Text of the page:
What Alan Heard
Verizon's wireless spokesmodel is haunting me. I see his sensitive, helpful geek face everywhere. Wearing nothing but an engineer's jumpsuit, horn-rimmed glasses (with tape!), and a Verizon cell phone, he wanders from the Rocky Mountains to Mars and always asks the same question: "Can you hear me now?"
His nerdular adventures have spawned a Flash movie parody called "Can you kill me now?" (www.killfrog.com/02/canyouhear.html) complete with the sort of wacky decapitations, giant panda rapes and gore-soaked explosions for which Web animation is infamous. And last year BBspot.com reported he'd developed a giant brain tumor because of all the cell phone use. But Verizon reassured the public that he's alive and well. Also, his name isn't "Can You Hear Me Now" Guy. According to a Verizon rep, he's called Test Man, and he's a composite of 50 Verizon employees who drive all over the country testing phones on the Verizon network. Apparently, Test Man is a huge hit with consumers. The ad campaign is credited with bringing in 10 percent more customers in 2002 and 15 percent more in 2003.
What's the appeal? Why can't I get his quirky, inscrutable grin out of my mind? Why is he driving otherwise sane people to buy Verizon cell phones?
I think Test Man's popularity grows out of a deep mythology around engineers as kindly guardian angels who offer dependably machinelike aid to anyone. Like a selfless doctor or social worker, Test Man is there for you: He's a creature without wishes or desires of his own, putting your need for a reliable cell phone network ahead of everything else in the world. He protects us from having to worry about all the technology we depend on but don't understand.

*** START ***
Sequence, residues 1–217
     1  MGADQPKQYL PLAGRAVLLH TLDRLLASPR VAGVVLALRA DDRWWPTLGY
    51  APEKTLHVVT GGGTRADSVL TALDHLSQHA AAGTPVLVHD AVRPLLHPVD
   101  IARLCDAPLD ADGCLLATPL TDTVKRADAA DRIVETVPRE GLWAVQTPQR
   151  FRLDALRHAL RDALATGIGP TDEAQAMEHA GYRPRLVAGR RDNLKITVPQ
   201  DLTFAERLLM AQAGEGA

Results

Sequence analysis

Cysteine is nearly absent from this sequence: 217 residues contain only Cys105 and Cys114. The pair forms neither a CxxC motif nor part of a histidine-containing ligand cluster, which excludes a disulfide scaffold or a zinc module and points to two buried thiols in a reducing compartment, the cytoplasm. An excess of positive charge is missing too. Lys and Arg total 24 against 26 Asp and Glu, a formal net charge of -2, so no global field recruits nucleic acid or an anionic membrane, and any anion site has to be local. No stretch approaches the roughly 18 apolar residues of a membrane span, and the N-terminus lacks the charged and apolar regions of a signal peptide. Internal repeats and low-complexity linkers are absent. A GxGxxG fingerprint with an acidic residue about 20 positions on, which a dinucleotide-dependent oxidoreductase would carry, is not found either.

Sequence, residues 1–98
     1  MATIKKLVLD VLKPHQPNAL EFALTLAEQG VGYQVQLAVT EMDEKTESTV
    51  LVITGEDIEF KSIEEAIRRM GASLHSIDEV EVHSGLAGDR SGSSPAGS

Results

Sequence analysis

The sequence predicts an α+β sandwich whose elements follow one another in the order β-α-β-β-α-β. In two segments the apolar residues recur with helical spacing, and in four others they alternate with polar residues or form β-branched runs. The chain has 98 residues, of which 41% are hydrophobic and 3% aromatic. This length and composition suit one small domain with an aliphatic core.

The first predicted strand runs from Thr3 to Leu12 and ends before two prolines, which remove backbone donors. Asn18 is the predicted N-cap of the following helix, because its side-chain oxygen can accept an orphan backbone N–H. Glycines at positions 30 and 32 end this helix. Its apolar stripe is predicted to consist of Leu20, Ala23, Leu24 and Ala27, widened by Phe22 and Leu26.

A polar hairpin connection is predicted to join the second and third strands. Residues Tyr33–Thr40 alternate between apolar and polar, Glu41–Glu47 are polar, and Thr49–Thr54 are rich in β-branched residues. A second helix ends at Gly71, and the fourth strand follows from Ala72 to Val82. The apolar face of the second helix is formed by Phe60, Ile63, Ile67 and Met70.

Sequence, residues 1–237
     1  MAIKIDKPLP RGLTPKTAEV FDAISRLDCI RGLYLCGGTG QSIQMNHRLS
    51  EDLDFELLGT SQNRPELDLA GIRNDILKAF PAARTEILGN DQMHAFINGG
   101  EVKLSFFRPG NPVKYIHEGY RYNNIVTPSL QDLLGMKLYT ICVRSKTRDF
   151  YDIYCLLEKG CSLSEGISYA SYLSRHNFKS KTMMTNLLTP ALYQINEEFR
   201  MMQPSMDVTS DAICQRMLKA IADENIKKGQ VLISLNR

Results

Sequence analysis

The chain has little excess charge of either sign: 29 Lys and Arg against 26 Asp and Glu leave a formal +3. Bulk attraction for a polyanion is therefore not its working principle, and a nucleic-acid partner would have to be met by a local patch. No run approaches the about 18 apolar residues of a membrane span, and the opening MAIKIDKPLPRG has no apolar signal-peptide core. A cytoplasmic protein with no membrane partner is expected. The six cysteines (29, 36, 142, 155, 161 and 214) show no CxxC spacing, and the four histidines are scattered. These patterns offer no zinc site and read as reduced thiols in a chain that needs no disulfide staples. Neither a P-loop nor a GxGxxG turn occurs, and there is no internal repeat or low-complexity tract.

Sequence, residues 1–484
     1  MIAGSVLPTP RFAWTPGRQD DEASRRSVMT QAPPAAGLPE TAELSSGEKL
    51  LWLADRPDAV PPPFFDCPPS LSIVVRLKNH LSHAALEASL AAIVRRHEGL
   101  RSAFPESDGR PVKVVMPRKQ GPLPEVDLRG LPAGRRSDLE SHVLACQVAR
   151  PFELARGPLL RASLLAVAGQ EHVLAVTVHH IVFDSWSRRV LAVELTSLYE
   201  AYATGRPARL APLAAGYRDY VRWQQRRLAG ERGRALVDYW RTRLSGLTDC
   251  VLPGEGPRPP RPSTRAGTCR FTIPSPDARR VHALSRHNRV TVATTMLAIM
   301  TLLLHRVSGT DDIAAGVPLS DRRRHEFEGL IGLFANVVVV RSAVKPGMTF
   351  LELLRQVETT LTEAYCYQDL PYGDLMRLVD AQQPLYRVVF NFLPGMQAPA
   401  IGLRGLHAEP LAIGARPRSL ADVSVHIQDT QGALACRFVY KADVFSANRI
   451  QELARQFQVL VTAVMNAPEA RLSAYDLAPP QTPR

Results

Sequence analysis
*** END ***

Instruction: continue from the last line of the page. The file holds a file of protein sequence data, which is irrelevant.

Our fierce need for such a figure is perfectly illustrated by a recent incident in which a customer at a North Dakota Verizon store got so pissed off that he threw thousands of dollars worth of cell phones at employees until police arrested him. Please, Test Man, rescue us from the horror and agony of shitty cell phone service!
But the anonymous, heroic Test Man figure goes back much farther in our cultural history than the cell phone. He got his start in World War II, when another anonymous, selfless geek helped the Allies break the Germans' Enigma code and win the war. That era's Test Man was Alan Turing, a shy, queer mathematician who worked with the British Secret Service to design a proto-computer, code-breaking machine called a bombe. He is also credited with coming up with a model for the modern computer in his 1937 paper "On Computable Numbers."
Because his work was classified, it wasn't until the 1970s that the British government revealed Turing's key role in breaking the Enigma code -- but by that time it was too late for this particular Test Man to bask in his much deserved recognition. He'd died under mysterious circumstances in the 1950s after admitting he was gay while reporting a robbery to police. Instead of trying to catch the guy who'd robbed him, the police arrested Turing (homosexuality was illegal in England at the time). The life of England's greatest geek was ruined: the military withdrew his security clearance and prevented him from continuing his cutting-edge research in computer science. Two years later he was found dead of cyanide poisoning -- a probable suicide.
Turing never told anyone about how he'd saved the nation that condemned him. Like Verizon's imaginary Test Man, he was a selfless nerd whose only reward was getting to build a better machine. His anonymous, brilliant work contributed to the betterment of humanity far more than a reliable cell phone network. What Turing heard with his bombes changed the world.
Turing's tale reveals the trouble with the Test Man mythos. We want our geeks to be anonymous heroes who never stop working to rescue us from technological failure. But we don't want to deal with who they really are. When Test Man finally does assert his needs -- whether that's homosexual sex or permission to reverse-engineer his DVD player -- we use his anonymity against him. As long as Test Man remains the unknown geek, I will continue to be haunted by him: He's the nerd who heard too much and died for it.
Annalee Newitz (email@example.com) is a surly media nerd who wishes Alan had lived to see all this. Her column also appears in Metro, Silicon Valley's weekly newspaper.